Located in the nexus of corporate strategy and entrepreneurship, this study aims to improve the decision making of corporate organisations regarding innovation, when faced with uncertainty. This research is motivated by the question; What can decision makers and managers, in corporate organisations, learn from entrepreneurs? With the assertion that traditional approaches to corporate strategy do not account for unexpected changes, the entrepreneurial, non-predictive decision making logic of effectuation is considered.
The study finds evidence that causation and effectuation can coexist in an innovative organisation, but that effectuation is associated with relatively higher levels of innovation than causation. Based on the results observed, the study goes on to argue for the treatment of industry uncertainty as a formative construct, consisting of multiple components. This follows the observed polarised impact of generalising uncertainty which could lead to the wrong strategy, whether causal or effectual. A framework of this interaction was provided. Ultimately, the context of the uncertainty facing the organisation should determine the correct strategy to follow for corporate innovation, or even whether to increase the focus on innovation.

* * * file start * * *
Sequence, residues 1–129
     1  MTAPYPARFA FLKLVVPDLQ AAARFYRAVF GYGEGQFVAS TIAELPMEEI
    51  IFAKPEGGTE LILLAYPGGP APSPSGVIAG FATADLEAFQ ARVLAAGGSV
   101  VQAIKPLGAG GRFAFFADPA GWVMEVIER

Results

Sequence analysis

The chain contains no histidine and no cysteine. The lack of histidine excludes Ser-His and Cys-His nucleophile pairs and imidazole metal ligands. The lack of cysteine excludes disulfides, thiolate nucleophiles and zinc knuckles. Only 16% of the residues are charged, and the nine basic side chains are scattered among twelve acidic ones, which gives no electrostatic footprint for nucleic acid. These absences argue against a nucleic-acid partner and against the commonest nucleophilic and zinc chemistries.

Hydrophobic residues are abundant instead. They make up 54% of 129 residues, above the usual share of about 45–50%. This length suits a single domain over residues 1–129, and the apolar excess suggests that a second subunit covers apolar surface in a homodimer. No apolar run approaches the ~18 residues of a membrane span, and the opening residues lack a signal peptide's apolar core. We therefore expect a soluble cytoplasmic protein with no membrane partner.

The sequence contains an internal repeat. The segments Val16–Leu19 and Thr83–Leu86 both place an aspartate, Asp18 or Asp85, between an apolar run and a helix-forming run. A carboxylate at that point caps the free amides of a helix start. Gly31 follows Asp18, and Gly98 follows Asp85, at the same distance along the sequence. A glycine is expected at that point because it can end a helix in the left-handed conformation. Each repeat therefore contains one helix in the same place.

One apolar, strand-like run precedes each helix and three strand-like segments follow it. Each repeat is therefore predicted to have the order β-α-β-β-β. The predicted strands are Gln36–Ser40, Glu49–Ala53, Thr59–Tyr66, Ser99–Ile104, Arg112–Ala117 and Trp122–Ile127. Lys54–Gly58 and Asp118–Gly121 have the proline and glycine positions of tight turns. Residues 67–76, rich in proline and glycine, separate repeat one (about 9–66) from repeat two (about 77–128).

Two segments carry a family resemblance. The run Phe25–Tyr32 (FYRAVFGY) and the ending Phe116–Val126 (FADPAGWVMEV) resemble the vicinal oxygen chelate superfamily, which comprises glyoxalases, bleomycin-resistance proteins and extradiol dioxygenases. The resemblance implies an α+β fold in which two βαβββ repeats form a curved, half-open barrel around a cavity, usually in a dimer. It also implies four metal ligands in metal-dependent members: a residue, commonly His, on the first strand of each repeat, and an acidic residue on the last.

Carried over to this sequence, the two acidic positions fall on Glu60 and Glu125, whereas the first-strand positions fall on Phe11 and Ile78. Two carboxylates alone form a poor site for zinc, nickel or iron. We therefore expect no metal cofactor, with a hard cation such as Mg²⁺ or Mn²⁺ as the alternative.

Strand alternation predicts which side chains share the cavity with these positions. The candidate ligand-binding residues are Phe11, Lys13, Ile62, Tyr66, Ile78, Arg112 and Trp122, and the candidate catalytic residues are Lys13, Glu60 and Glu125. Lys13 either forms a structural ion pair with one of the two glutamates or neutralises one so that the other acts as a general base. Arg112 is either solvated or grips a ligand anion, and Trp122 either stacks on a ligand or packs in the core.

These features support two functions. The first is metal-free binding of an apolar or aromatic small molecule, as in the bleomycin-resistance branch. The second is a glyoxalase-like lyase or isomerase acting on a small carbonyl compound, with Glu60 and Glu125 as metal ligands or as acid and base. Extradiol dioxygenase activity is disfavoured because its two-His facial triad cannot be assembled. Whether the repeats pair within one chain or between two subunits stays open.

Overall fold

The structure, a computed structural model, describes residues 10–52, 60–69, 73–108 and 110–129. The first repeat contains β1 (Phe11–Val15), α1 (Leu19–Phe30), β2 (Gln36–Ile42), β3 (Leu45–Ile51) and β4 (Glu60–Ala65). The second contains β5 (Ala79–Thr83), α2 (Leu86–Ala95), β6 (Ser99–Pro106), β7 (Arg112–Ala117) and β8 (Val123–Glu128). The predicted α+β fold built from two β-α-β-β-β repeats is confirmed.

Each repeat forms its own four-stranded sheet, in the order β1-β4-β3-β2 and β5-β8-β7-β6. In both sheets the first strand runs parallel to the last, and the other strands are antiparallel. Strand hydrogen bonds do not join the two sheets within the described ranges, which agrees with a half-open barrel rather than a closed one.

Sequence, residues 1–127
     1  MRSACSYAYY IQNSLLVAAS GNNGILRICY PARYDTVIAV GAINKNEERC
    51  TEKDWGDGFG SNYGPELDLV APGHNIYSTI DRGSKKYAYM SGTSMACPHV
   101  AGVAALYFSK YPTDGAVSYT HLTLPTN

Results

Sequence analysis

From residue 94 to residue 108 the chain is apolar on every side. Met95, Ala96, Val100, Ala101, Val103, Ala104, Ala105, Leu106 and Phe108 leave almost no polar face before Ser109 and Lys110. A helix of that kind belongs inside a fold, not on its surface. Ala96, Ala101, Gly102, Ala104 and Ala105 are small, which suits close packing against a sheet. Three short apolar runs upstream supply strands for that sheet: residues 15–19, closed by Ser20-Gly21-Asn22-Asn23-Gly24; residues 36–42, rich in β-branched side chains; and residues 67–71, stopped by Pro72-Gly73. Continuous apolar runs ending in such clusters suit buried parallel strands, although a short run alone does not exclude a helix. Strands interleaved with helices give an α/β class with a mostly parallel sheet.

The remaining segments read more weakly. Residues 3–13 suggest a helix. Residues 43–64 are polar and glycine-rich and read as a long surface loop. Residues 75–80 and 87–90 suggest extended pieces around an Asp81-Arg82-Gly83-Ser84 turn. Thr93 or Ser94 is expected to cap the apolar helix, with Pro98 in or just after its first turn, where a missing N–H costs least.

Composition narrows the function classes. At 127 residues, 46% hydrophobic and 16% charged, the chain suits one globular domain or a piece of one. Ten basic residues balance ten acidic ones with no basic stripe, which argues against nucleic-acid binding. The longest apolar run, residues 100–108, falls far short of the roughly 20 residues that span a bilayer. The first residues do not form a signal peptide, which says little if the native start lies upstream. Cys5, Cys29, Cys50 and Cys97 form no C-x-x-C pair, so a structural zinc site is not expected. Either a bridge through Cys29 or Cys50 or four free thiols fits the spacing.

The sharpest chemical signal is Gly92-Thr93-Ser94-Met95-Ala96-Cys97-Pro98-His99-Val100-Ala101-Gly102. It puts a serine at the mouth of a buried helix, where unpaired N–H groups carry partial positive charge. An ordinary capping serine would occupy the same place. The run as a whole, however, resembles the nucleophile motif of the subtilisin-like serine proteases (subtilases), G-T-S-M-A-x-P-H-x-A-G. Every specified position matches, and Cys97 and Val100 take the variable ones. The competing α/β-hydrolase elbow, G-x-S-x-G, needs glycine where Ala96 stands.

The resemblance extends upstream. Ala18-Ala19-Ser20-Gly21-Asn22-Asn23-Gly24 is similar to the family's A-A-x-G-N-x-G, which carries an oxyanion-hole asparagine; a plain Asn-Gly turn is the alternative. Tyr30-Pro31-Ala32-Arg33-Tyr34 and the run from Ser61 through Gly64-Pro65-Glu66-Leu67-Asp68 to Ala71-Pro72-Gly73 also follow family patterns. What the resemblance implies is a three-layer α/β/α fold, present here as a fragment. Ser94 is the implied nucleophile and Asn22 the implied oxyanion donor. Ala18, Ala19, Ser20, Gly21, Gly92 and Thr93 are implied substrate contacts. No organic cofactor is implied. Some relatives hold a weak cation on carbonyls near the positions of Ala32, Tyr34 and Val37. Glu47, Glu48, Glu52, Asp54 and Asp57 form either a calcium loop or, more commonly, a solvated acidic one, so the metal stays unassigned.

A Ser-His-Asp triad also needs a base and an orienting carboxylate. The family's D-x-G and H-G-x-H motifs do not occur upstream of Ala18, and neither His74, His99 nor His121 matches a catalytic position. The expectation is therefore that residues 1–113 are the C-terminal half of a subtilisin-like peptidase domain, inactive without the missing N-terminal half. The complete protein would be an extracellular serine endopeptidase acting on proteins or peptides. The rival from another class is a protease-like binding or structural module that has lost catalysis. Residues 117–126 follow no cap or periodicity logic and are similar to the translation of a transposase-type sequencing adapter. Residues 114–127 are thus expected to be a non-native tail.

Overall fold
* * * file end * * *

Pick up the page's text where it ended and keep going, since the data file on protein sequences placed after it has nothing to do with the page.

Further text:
The findings of this research were found to also have implications for the application of effectuation to corporate strategy, as currently conceptualised and measured. Adaptation of this theory to the corporate context may be necessary, providing recommendations for further research.
Mini Dissertation (MBA)--University of Pretoria, 2016.